With the number of flu cases having risen steadily over the past three weeks, the Center for Disease Control (CDC) yesterday alerted the public to prepare for a possible flu epidemic this winter and urged the country's unvaccinated toddlers and seniors to get a jab immediately.
Last week alone there were an average of 32.1 cases of flu infection for every doctor reporting to the center, a 20 percent increase from a week earlier.
The figure was also higher than the 29.3 cases reported during the same period last year, according to the center.
Cooler winter conditions are allowing flu viruses to spread at accelerated pace, doctors said.
"As it is getting colder, the number of patients in our hospital saw a ten-fold jump," warned Huang Li-min (黃立民), chief of the Division of Infectious Diseases at National Taiwan University Hospital.
According to Huang, only one or two samples were found to contain flu virus among the 80 throat swabs the hospital collected for lab analysis each week last month. Yet the hospital's lab identified 10 virus-positive samples last week alone.
"The scope of the flu is widening. Just think of the rising number of outpatients in the diagnosis room and the virus-positive swabs in the lab. They are all alarm bells," Huang added.
"Usually, the flu peak arrives around Christmas here. Yet the annual epidemic comes later this year. From our survey, we estimated that Taiwan will have its flu peak by the Lunar New Year," said Lin Ting (林頂), the center's deputy director-general.
With a surplus of flu vaccines, the center urged the unvaccinated to get the free shots as soon as possible. The center's data showed that 18,000 doses of flu vaccines for babies under the age of three and 200,000 doses for adults still remain untouched in local health bureaus.
The center has eased restrictions and allowed people aged above 50 to get the free vaccination. As part of the high-risk groups, poultry farmers and health worker are also eligible for the free jab.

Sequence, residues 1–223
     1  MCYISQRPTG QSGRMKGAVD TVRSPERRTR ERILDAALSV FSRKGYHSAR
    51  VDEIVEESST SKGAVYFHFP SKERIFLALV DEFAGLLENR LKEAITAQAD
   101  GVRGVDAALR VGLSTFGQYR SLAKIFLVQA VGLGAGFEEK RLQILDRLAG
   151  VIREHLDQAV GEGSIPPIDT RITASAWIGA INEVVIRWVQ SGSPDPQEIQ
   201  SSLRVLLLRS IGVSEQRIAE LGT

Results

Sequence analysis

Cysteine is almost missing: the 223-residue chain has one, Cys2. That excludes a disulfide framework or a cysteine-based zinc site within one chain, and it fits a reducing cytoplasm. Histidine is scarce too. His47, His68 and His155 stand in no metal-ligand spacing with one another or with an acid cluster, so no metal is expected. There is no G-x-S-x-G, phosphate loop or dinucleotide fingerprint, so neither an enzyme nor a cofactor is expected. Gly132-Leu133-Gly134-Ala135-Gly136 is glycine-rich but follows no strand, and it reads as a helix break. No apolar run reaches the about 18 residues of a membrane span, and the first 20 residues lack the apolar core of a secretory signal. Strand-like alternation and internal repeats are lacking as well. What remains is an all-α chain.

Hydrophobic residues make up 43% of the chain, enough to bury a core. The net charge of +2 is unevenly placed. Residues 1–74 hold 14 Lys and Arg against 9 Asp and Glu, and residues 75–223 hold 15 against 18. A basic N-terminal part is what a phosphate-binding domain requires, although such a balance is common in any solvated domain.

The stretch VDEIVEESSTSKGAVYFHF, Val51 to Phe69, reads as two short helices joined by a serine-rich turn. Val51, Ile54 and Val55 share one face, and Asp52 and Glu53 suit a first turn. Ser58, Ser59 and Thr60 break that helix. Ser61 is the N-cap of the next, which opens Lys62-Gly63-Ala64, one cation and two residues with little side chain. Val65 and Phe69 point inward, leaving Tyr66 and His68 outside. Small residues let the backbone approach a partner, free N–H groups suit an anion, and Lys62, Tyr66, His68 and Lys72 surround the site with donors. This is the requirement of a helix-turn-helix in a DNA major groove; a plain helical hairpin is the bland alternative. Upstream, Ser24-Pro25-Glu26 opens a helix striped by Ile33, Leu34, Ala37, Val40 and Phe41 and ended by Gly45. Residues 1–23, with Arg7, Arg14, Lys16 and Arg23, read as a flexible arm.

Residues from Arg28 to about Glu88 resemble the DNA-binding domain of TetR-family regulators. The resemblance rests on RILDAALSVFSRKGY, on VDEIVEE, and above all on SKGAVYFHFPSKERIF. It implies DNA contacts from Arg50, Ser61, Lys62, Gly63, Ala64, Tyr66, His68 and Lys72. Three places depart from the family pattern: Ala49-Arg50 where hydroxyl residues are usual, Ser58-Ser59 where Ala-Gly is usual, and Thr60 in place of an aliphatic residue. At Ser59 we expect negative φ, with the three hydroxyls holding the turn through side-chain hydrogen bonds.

Health officials warned that only 58 percent of the country's 38,800 poultry farmers went into hospitals to get vaccinated. "The percentage is alarmingly low. All poultry farmers should be shielded from the flu epidemic, since they are exposed to bird flu in their daily work," said Yan Jer-jea (顏哲傑), director of the center's immunization division The warning came amid a recent spate of bird flu infections in Vietnam and Thailand, two countries frequented by Taiwanese tourists.
On Monday, Vietnam confirmed that the lethal H5N1 strain of bird flu killed a 17-year-old boy, bringing the toll to 29 since the first outbreak hit the region's poultry industry in December 2003.
Thailand also found new cases of bird flu in two provinces last week, prompting the Thai authorities to issue an alert to poultry farmers.
If the deadly H5N1 strain of the virus were to merge with a human flu virus, health officials worried, it could produce a strain capable of sweeping through a human population without immunity, possibly killing millions worldwide.
"If a person contracts flu and avian flu at the same time, we fear that the virus' gene sequences will be reassembled. A new virus strain will emerge. Once this happens, no one has the antibody against the latest mutated virus," said Yan.